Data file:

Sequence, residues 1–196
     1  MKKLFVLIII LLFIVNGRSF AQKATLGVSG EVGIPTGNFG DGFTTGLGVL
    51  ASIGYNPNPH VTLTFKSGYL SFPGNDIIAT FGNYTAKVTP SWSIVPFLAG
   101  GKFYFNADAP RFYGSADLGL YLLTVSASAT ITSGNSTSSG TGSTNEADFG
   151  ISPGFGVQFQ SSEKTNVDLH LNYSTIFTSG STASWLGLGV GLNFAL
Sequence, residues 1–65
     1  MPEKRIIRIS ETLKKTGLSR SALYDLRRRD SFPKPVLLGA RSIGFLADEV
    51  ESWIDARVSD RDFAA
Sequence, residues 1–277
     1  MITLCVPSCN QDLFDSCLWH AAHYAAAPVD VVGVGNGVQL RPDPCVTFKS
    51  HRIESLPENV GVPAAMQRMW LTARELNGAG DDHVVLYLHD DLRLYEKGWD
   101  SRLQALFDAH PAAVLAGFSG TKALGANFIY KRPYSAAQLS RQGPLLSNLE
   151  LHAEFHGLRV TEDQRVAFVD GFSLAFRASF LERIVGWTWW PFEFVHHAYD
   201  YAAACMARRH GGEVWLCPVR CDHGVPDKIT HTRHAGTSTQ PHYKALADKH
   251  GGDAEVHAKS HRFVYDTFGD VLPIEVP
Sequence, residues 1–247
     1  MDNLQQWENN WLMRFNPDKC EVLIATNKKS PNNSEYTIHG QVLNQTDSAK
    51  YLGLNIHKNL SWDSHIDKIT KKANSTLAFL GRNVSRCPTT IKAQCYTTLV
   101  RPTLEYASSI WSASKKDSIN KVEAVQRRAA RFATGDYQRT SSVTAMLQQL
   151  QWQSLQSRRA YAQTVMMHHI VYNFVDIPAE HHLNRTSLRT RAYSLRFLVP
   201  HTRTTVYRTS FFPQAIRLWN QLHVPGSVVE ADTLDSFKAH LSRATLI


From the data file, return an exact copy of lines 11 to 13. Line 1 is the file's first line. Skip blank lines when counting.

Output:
    51  HRIESLPENV GVPAAMQRMW LTARELNGAG DDHVVLYLHD DLRLYEKGWD
   101  SRLQALFDAH PAAVLAGFSG TKALGANFIY KRPYSAAQLS RQGPLLSNLE
   151  LHAEFHGLRV TEDQRVAFVD GFSLAFRASF LERIVGWTWW PFEFVHHAYD